An interview with Roger Hammond, Friday, December 8
Roger Hammond is one of Britain’s best ever one day riders. After two unlucky and unspectacular seasons riding for the Discovery Channel Team he is switching to a revamped T-Mobile for 2007. Cyclingnews’ UK Editor Ben Atkins caught up with him at last month’s Revolution 14 in Manchester.
After riding with the same Division 2 (Pro-Continental) team for many years (Collstrop, Palmans Collstrop, Mr Bookmaker - has since become Unibet.com) and claiming a third place in the 2004 Paris - Roubaix behind Magnus Backstedt, the best ever result in the race for a Brit, followed by a move to the Discovery Channel team the next year, should have meant the big time for Roger Hammond. But, a succession of crashes during his favourite spring classics, the 2005 Gent - Wevelgem and 2006 Tour of Flanders, caused injuries that prevented him from getting the results he hoped to achieve - and from supporting his team captain, George Hincapie, from getting his.
“Well, there’s a fair amount to cover there,” said Hammond when asked to reflect on his last couple of seasons with the World’s biggest team.
Despite his lack of success in the races he has always specialised in, Hammond remains positive about his two years alongside greats such as Armstrong and Hincapie: “It’s been a completely different experience, they’re a completely different team to the teams I’ve ridden with before. I’ve done some completely different things from the things I’ve ridden before, it’s just unfortunate that in there, there’s been quite a few crashes. I’ve had quite a bit of bad luck in crashes. I can’t look back at any of the seasons as being successful results-wise, but as improvements as a rider - I’ve definitely improved. That’s the positive I can take out of it really.”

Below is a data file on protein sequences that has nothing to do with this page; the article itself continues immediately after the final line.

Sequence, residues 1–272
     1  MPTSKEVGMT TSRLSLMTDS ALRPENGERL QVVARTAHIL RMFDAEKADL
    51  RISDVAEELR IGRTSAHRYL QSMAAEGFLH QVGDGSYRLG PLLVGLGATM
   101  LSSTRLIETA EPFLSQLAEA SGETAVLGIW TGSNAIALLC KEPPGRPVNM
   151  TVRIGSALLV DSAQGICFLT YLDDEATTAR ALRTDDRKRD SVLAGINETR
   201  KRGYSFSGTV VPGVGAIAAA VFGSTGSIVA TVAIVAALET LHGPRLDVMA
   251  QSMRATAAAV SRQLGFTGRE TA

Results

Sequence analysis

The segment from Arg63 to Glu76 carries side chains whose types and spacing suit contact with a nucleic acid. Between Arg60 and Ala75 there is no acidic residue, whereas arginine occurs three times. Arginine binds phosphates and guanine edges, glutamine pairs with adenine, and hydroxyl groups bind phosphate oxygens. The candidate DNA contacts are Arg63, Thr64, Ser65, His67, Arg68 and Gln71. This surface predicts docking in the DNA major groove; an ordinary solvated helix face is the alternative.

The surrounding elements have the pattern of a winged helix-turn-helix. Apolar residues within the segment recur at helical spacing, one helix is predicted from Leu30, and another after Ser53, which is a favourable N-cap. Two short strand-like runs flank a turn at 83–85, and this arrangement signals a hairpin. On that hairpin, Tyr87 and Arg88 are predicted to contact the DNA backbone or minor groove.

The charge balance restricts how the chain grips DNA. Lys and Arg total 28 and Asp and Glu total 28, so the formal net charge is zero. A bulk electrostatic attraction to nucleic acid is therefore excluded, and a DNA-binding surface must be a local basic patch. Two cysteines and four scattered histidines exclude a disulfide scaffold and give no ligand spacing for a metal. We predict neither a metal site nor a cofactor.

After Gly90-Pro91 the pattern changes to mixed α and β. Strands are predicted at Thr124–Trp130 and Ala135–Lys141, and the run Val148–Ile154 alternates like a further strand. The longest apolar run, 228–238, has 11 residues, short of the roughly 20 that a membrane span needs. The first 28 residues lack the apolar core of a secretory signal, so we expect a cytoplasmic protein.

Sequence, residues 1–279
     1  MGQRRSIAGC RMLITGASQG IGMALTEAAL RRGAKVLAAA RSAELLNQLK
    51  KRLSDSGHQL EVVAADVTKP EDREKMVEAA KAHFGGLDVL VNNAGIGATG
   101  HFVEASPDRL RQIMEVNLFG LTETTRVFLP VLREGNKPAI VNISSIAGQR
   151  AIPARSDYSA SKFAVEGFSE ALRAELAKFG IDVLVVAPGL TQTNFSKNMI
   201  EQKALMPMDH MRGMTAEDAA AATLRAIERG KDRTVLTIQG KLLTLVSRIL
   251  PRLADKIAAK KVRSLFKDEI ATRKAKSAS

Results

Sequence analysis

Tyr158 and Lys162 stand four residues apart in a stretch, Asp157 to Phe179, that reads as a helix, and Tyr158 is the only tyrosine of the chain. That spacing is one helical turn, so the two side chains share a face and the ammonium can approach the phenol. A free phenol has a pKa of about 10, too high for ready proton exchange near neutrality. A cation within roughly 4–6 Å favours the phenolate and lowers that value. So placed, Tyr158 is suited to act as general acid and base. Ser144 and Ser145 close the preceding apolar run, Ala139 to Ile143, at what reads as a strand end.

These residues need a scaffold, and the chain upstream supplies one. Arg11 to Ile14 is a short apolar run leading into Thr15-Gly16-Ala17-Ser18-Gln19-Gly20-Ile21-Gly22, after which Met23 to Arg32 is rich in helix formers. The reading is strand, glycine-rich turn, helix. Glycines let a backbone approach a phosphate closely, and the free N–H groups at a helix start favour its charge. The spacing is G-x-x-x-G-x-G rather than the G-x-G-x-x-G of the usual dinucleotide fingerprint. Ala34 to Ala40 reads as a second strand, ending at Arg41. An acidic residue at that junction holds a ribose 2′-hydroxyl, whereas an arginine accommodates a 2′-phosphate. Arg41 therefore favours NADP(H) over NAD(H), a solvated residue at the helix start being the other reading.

So a new team for 2007 should hopefully mean a new start for Hammond. While T-Mobile is as big a team as Discovery, the different surroundings should suit his style of riding and personal aspirations better. Hopefully, the new team colours will also bring him some better luck: “Yeah, well, it couldn’t really be worse luck! I’m hoping... There’s a slightly different set up as well, which should suit me more as a rider. I’ve never claimed to be a climber, and I’ll never be a climber, and the guys who did their job and excelled at Discovery were the guys who were in the team on the front in the mountains, and as Sean [Yates] has said, there was a fitting in possibility problem.”
Lack of personal success aside, he still pays tribute to the team that have been his employers for two seasons; diplomacy that says a lot about Hammond’s character. “I was the wrong kind of rider for that right team. They’re the right team and I’m the wrong kind of rider for that right team, that’s the only problem.”
Despite The Discovery team’s absence, Hammond has taken part in both of the last two Tours of Britain as a 'guest' rider in the Great Britain National Team. “It’s always nice racing at home, on home soil. I would have loved to have done it with Discovery but the programme at that time of year is just so compacted; the Vuelta’s on, you finish the Tour of Poland, then there’s the Grand Prix Plouay in France... So they gave me some freedom to go and do it, which I appreciate.” He has managed to pick up a stage victory on both of his guest appearances, but victory in this year’s stage into Liverpool was especially sweet. “The stage win was nice, I’ve never ever had a professional season without winning a professional race so it was my saving grace - it was looking a bit dodgy by that time of year!”